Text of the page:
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US President Barack Obama is seen on a screen in the White House briefing room during an address to the nation on immigration reform November 20, 2014 in Washington, DC.
Tech company executives and lobbyists have complained for years that the country's immigration system is hurting American competitiveness. Now some worry an executive order announced Thursday night by President Obama does far more to help workers than companies, and in the wake of a threatened Republican backlash, could make the problem worse.
"This certainly complicates things," said Emily S. Lam, Vice President, Health Care and Federal Issues for the Silicon Valley Leadership Group, a trade group representing nearly 400 Silicon Valley companies. "The executive action makes a difficult situation even more difficult."
That's because the order couldn't do what tech companies most want: to increase the quota of H1-B visas allowing U.S. companies to hire highly skilled foreign workers. Changing the quota from its current limit of 65,000 workers a year requires congressional action, which could be further delayed because of Republican opposition to Obama's order.
Brian Watt / KPCC
Teamsters supporters watch trucks pass at the Long Beach Container Terminal in the Port of Long Beach.
A group of short haul truckers for companies that move goods at the ports of Los Angeles and Long Beach walked off the job Thursday, adding a layer of uncertainty at a port complex already grappling with a cargo backlog.
The truck drivers and the companies had been in a cooling-off period brokered by Los Angeles Mayor Eric Garcetti to end a brief strike in July. But the truckers, backed by the Teamsters Union, said the companies had gone back to punishing workers for supporting the union's organizing effort, and went back on strike.
Exactly how many truck drivers have stopped working isn’t clear. But Maria Elena Durazo of the LA County Federation of Labor told the truckers they have support.
"On your picket lines, you will find electricians, city workers, grocery workers, hotel workers, Wal-Mart workers," Durazo said at a rally at Wilmington's Waterfront Park. She didn't mention Longshore workers.
The price of a gallon of gas has now dipped below three dollars at many stations in the Los Angeles area, and that decline has freed up a lot of cash for LA-based Starline Tours.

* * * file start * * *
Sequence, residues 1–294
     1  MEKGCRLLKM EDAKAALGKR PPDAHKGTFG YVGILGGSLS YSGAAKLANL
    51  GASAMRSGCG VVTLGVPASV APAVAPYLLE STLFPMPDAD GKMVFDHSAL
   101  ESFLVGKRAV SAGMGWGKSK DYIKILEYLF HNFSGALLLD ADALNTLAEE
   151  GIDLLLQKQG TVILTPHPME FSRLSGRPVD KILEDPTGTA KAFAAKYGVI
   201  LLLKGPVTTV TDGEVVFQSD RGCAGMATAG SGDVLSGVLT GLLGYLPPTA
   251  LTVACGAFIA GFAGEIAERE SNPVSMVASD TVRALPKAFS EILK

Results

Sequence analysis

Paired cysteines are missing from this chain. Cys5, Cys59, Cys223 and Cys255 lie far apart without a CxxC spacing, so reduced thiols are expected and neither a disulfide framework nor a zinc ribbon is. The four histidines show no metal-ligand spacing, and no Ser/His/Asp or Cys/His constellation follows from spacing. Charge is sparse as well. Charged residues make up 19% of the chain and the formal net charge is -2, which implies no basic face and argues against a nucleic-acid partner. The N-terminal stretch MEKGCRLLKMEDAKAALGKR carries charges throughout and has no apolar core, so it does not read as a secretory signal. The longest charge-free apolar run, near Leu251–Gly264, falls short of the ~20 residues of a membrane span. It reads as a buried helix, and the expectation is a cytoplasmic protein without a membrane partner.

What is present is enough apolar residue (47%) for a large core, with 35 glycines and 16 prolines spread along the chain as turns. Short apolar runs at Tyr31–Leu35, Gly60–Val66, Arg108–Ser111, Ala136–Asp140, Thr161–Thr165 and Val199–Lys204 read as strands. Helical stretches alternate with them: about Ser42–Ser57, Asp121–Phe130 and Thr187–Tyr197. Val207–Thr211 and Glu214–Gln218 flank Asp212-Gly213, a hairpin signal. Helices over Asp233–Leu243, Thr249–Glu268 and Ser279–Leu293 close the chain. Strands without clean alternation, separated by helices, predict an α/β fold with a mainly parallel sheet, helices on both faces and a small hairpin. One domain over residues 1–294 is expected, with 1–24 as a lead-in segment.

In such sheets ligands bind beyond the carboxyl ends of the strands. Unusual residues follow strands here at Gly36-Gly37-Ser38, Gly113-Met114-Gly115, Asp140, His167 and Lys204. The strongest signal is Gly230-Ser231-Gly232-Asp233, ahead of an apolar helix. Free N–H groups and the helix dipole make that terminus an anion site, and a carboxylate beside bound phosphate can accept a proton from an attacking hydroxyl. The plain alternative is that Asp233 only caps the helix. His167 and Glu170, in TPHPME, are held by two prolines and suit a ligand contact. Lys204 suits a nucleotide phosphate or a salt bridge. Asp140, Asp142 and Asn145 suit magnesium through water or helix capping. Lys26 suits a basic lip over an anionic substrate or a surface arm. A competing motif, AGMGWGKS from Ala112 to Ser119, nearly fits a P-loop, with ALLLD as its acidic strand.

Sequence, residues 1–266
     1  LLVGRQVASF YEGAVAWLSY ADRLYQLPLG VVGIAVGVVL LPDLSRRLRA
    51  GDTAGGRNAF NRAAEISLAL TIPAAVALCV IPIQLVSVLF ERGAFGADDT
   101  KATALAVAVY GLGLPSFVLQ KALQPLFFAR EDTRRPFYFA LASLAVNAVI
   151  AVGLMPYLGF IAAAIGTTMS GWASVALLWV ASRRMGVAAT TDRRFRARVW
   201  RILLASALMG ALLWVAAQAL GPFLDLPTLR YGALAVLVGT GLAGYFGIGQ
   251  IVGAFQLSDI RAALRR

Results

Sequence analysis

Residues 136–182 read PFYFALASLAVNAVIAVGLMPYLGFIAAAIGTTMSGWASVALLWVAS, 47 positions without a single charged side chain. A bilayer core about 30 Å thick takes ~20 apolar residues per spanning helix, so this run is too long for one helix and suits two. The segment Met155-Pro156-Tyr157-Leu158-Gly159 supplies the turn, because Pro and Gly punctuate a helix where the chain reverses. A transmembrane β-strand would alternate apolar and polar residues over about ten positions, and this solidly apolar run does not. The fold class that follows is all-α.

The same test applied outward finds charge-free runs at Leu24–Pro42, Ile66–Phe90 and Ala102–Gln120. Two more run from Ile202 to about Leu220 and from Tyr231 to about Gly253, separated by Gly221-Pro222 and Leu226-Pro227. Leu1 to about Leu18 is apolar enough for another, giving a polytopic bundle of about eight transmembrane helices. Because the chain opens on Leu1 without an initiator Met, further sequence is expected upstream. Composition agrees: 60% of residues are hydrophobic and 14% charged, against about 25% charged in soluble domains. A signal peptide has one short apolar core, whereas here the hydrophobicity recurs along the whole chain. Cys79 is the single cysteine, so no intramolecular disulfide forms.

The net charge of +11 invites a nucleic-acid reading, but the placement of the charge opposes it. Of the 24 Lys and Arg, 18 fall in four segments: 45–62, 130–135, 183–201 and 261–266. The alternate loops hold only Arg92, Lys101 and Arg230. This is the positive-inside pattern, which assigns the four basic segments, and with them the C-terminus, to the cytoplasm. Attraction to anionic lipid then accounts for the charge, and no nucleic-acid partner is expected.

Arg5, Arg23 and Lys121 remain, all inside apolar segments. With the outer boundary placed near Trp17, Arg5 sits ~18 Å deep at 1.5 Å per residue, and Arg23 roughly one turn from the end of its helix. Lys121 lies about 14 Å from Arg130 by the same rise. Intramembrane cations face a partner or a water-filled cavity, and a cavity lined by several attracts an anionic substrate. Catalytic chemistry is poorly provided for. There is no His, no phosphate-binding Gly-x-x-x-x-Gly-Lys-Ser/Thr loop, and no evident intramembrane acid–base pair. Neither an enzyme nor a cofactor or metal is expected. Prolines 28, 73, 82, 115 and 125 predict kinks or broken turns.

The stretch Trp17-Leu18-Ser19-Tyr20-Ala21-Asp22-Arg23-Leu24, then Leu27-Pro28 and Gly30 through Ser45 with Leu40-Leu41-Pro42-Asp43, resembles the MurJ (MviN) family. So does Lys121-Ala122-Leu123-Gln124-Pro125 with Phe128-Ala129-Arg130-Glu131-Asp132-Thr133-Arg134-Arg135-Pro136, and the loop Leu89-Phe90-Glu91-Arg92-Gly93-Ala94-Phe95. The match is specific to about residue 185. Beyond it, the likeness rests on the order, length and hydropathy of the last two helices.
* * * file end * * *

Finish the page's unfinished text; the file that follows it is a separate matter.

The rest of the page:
The Daily Fuel Gauge reported by the Automobile Club of Southern California put Tuesday's average Los Angeles-Long Beach area gas price at $3.24 per gallon, down 40 cents from a month ago and dropping more than a dollar from the $4.32 Angelenos were paying in early May. But the tracking site LosAngelesGasPrices.com listed stations with prices as low as $2.89 per gallon.
"We’re filling up every single day with our buses; so when we see these prices fall, it certainly directly helps us," says Phillip Ferentinors, director of Starline Tours of Hollywood. "The lower fuel prices have allowed us to use some of the money instead on technology," Ferentinors told KPCC. He says the company is now investing in upgrades of its systems for ticketing, reservations and internal communications.
AirSplat CEO Kenneth Wu, in front of an aisle of airsoft guns.
Tensions keep building over congestion and delays at West Coast ports from Tacoma to Long Beach. Retailers and other businesses that depend on goods moving from cargo vessels to warehouses to store shelves are getting anxious, as shipping companies and the union representing dockworkers blame each other for the cargo slowdown.
The owner of Irwindale-based AirSplat.com says whoever’s to blame, the cargo backlog is costing his company money.
AirSplat sells paint ball and Airsoft guns, as well as the tiny pellets they fire. Around 60 employees sell and fulfill orders out of an 80,000 square foot warehouse in Irwindale. A lot of the products come from China and Taiwan, traveling through the ports of Los Angeles and Long Beach. AirSplat founder Kenneth Wu says he started seeing delays a month ago, and they've gotten worse.
There has been plenty of bad news about how tough it is for veterans to find their way in the civilian job market once they've completed their military service. A recent report found that a quarter of L.A.'s veterans were unemployed or earning near poverty wages. One program attempting to address the problem is housed at the University of Southern California's Marshall School of Business, where last year they began offering an MBA curriculum specifically designed for military veterans, with the intention of preparing them for professional jobs.
The idea came from military personnel who'd gone through the school's Executive MBA program. They felt a lot of the material was similar to what they'd learned during their military service, according to the program's director, James Bogle. "They asked if there wasn't a way to modify it a little bit for the military," says Bogle.